University of Arkansas researchers combined an alkali with heat to produce ceramic nanowires that coat titanium medical implants, creating more biocompatible surfaces. Muscle tissue often does not adhere well to the smooth surfaces of titanium, leading to failure after about ten years. In experiments with mice, muscles adhere to the new nanowire compound in about four weeks. "We can control the length, the height, the pore openings and the pore volumes within the nanowire scaffolds" by varying the time, temperature and alkali concentration in the reaction, said Z. Ryan Tian, assistant professor of chemistry and biochemistry in the J. William Fulbright College of Arts and Sciences. "This process is also extremely sustainable," requiring only that the device be rinsed in reusable water after the heating process.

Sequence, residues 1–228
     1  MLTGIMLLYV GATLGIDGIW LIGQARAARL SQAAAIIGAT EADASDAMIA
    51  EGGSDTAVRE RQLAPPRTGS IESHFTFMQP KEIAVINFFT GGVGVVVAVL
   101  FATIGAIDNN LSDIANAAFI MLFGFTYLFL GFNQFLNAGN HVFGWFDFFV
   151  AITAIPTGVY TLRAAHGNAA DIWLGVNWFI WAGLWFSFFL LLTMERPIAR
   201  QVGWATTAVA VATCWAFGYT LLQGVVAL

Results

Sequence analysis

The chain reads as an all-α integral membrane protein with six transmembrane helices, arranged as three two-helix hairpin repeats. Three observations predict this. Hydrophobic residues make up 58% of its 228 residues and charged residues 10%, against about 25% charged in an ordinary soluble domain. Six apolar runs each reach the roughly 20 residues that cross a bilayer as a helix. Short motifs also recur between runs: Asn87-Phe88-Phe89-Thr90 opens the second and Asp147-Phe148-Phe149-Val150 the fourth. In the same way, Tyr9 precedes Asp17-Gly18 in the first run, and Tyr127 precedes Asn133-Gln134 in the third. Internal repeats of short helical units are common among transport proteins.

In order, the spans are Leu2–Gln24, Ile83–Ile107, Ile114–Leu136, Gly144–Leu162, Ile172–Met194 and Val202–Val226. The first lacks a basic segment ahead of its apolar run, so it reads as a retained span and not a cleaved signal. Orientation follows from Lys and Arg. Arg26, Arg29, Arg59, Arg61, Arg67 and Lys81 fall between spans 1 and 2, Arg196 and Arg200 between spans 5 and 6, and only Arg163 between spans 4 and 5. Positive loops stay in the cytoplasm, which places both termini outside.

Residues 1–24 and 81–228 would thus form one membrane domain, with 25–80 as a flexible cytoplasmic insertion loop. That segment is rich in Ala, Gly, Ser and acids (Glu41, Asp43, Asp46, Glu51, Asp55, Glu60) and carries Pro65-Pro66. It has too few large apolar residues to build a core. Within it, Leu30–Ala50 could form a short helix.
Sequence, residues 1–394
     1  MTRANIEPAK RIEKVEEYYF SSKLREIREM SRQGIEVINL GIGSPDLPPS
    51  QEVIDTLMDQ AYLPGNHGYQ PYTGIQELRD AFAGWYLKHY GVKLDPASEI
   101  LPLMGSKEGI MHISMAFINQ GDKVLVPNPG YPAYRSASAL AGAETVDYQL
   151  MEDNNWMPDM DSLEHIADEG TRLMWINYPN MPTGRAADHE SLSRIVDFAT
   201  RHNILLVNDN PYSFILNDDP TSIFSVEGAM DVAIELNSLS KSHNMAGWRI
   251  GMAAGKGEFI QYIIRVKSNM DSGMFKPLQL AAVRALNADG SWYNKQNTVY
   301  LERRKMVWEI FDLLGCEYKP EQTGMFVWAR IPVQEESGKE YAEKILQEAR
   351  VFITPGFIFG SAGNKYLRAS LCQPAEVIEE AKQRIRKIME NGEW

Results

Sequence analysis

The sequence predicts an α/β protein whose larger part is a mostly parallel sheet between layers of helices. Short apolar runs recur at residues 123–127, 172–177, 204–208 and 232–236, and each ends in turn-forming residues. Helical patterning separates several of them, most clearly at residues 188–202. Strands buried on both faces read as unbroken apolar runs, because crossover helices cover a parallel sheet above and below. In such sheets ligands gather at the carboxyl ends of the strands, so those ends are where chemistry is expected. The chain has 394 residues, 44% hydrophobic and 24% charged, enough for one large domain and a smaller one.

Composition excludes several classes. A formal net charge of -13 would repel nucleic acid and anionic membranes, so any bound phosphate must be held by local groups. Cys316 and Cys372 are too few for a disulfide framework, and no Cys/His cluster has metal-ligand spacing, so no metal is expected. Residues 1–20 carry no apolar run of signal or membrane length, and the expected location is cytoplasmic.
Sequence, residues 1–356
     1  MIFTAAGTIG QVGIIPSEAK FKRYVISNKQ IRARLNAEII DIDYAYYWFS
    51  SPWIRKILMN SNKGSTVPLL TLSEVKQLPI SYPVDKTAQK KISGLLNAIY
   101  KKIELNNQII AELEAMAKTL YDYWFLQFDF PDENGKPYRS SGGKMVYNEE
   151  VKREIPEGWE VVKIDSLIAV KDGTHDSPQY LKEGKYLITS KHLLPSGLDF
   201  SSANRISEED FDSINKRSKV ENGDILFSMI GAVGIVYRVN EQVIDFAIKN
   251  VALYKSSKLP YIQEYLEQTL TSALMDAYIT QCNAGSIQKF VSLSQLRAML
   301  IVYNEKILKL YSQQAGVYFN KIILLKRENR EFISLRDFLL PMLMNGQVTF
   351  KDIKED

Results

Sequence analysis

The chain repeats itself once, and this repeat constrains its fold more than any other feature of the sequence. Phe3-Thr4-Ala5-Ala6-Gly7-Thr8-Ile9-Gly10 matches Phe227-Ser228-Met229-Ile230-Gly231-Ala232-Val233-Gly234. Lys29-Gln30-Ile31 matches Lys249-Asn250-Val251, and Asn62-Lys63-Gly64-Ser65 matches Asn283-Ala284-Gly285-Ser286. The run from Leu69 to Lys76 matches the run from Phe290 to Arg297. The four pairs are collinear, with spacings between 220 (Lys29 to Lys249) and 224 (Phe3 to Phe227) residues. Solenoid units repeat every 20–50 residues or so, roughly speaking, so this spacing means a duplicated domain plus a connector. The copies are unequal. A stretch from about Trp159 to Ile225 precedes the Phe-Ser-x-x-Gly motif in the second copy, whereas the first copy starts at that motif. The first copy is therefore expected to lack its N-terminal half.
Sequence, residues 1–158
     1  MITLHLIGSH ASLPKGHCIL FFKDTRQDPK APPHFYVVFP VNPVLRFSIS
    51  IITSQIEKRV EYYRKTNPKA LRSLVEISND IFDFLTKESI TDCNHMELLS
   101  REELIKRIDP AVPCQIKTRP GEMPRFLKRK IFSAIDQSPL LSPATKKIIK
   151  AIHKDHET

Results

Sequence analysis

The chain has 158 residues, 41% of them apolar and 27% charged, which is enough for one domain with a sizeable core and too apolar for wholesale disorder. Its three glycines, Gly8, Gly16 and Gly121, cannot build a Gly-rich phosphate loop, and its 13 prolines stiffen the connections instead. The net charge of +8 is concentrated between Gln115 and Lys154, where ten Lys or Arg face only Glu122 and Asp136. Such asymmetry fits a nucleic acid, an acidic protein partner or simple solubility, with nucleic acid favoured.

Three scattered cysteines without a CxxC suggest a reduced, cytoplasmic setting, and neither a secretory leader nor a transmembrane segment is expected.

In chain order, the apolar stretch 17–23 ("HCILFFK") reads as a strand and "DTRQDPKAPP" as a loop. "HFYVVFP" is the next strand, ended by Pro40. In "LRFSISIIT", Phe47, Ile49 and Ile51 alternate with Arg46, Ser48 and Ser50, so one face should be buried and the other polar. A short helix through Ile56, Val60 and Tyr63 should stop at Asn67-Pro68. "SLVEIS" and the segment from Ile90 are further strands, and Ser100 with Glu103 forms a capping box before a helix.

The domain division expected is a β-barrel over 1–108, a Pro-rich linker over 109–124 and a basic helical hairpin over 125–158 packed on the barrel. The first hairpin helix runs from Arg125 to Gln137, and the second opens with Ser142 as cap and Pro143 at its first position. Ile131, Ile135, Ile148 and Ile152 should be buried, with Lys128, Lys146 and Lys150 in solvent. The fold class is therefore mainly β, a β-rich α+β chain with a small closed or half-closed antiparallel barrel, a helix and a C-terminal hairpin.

At this year's MD&M West show, lots of material suppliers are talking about new formulations for wearables and things that stick to the skin, whether it's adhesives, wound dressings, skin patches and other drug delivery devices, or medical electronics.
Researchers at Lawrence Livermore National Laboratory have published two physics-based models for the selective laser melting (SLM) metals additive manufacturing process, so engineers can understand how it works at the powder and scales, and develop better parts with less trial and error.
Materials and assembly methods on exhibit at next week's MD&M West and other co-located shows will include some materials you should see, as well as several new and improved processes. Here's a sampling of what you can expect.
The Food & Drug Administration has approved a 3D-printed, titanium, cranial/craniofacial patient-specific plate implant for use in the US. The implant is 3D printed using Arcam's electron beam melting (EBM) process.
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